HUNTERS QUAY, MARINE PARADE, HUNTERS QUAY HOTEL (Ref:50810)
This building is in the Argyll And Bute Council and the
It is a category C building and was listed on 01/02/2007.
Group Items: N/A,
Group Cat: N/A,
Map Ref: NS 1855 7902.
Circa 1870 with additions and alterations c1900. Asymmetrical 2 storey and attic 5 bay T-plan villa with ornate Italianate and French Empire detailing. Extensions to S and W forming L-plan, square plan tower in re-entrant angle to rear and 2-storey conical roofed circular bay to SE corner. Smooth-rendered masonry. Base course, discontinuous band course and projecting cills. Keystoned round-headed openings to 1st floor.
PRINCIPAL (E) ELEVATION: timber entrance porch with decorative cast-iron brattishing to right of centre. Advanced bay to right with projecting tripartite windows with consoled architrave and corbelling to first storey; Venetian dormer to attic. Canted bay to left of porch with Italianate gable and blind oculus to gablehead. Conical-roofed circular bay to outer left with 6-light windows, battered base course and lead finial. Mansard and pitched-roofed additions to S and W.
TOWER: 4-stage square-plan with chamfered angle to SW corner, corbelled to square. Mock machicolations and gun loops. Tall steep French roof set on modillion eaves cornice; gabled lucarnes with small inset round arched windows and decorative brattishing.
INTERIOR: high quality Victorian interior with ornate white and polychrome plasterwork, carved doors, chimneypieces and other joinery to principal rooms. Glazed oculus set in cupola over stairhall; open well flying stair with wrought iron decorative balusters and carved newel post. Corinthian screen in entrance hall.
Plate glass set in timber sash and case windows. Grey slate with lead flashings. Shouldered and corniced wallhead stacks. Cast-iron rainwater goods.
The idiosyncratic mix of Scottish, French and Italian influences in the design of Hunters Quay Hotel makes a striking contribution to the streetscape. The mock defences on the tower are particularly worthy of note. The interior has many ornate features and is notable in particular for the stairhall with cupola, high quality timberwork and plasterwork. The house was originally built around 1870 and is named as Claver House on the 1st Edition Ordnance Survey Map. It was substantially extended to the S and W and `aggrandised' around 1900.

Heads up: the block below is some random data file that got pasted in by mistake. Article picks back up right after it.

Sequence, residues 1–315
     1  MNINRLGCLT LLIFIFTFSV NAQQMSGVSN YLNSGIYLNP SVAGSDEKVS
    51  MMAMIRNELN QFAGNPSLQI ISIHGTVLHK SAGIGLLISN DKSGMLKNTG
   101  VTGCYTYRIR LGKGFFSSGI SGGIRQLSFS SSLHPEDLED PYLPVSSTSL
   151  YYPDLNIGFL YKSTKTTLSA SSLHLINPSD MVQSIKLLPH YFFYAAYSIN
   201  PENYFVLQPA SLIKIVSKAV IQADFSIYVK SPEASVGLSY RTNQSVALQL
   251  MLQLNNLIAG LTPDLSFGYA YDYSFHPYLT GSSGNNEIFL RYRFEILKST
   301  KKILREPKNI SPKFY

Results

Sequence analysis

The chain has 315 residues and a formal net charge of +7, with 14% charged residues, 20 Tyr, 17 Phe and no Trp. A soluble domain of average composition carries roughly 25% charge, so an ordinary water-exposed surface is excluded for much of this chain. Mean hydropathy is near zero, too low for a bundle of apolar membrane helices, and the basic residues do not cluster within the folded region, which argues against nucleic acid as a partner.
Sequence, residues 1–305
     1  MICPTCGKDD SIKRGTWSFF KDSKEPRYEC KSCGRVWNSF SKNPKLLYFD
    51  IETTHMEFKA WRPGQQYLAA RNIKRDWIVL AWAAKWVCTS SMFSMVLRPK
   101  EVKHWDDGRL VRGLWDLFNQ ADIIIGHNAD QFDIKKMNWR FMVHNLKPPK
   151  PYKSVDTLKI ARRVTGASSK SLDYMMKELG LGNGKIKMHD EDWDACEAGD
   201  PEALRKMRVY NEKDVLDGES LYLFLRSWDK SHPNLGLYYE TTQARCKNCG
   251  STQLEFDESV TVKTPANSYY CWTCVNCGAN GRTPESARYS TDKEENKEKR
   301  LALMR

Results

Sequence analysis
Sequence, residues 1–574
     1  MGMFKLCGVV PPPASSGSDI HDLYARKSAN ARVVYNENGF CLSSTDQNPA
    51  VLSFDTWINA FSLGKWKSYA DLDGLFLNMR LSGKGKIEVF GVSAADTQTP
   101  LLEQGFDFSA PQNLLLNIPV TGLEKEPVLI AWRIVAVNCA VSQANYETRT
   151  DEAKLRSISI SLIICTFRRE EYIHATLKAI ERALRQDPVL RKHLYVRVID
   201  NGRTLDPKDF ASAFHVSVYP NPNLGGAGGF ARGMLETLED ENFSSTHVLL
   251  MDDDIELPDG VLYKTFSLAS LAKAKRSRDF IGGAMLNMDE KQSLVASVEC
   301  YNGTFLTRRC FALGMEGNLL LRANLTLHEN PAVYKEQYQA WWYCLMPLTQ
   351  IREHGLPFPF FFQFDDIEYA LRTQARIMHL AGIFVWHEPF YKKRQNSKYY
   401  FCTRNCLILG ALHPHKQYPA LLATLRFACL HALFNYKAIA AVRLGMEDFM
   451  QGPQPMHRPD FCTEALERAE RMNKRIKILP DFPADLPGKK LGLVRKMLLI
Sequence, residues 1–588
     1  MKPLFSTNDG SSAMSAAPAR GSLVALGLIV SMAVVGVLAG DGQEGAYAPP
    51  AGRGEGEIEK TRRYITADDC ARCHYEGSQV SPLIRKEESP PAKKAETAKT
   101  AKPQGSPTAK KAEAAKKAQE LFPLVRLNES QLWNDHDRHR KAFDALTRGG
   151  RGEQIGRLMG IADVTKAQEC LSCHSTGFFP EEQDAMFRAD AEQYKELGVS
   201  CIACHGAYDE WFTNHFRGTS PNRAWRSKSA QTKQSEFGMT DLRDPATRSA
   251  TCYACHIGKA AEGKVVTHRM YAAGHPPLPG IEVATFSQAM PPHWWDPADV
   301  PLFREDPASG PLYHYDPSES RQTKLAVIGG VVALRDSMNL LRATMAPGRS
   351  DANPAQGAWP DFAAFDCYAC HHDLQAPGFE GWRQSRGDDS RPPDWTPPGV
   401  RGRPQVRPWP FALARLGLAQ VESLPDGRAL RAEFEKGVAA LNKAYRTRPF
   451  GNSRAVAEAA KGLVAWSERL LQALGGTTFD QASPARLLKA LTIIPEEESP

The building is now in commercial use as a hotel (2006).
1st Edition Ordnance Survey Map (1862-77). F Walker, North Clyde Estuary; An Architectural Guide (1992) p130. F Walker, The Buildings of Scotland; Argyll and Bute (2000) p298.
© Crown copyright, Historic Scotland. All rights reserved. Mapping information derived from Ordnance Survey digital mapping products under Licence No. 100017509 2012 . Data extracted from Scottish Ministers' Statutory List on . Listing applies equally to the whole building or structure at the address set out in bold at the top of the list entry. This includes both the exterior and the interior, whether or not they are mentioned in the 'Information Supplementary to the Statutory List'. Listed building consent is required for all internal and external works affecting the character of the building. The local planning authority is responsible for determining where listed building consent will be required and can also advise on issues of extent or "curtilage" of the listing, which may cover items remote from the main subject of the listing such as boundary walls, gates, gatepiers, ancillary buildings etc. or interior fixtures. All category C(S) listings were revised to category C on 3rd September 2012. This was a non-statutory change. All enquiries relating to proposed works to a listed building or its setting should be addressed to the local planning authority in the first instance. All other enquiries should be addressed to: Listing & Designed Landscapes Team, Historic Scotland, Room G.51, Longmore House, Salisbury Place, EDINBURGH, EH9 1SH. Tel: +44 (0)131 668 8701 / 8705. Fax: +44 (0)131 668 8765. e-mail: email@example.com. Web: http://www.historic-scotland.gov.uk/historicandlistedbuildings.
Buildings are assigned to one of three categories according to their relative importance. All listed buildings receive equal legal protection, and protection applies equally to the interior and exterior of all listed buildings regardless of category.
Buildings of national or international importance, either architectural or historic, or fine little-altered examples of some particular period, style or building type. (Approximately 8% of the total).
Buildings of regional or more than local importance, or major examples of some particular period, style or building type which may have been altered. (Approximately 51% of the total).
Buildings of local importance, lesser examples of any period, style, or building type, as originally constructed or moderately altered; and simple traditional buildings which group well with others in categories A and B. (Approximately 41% of the total).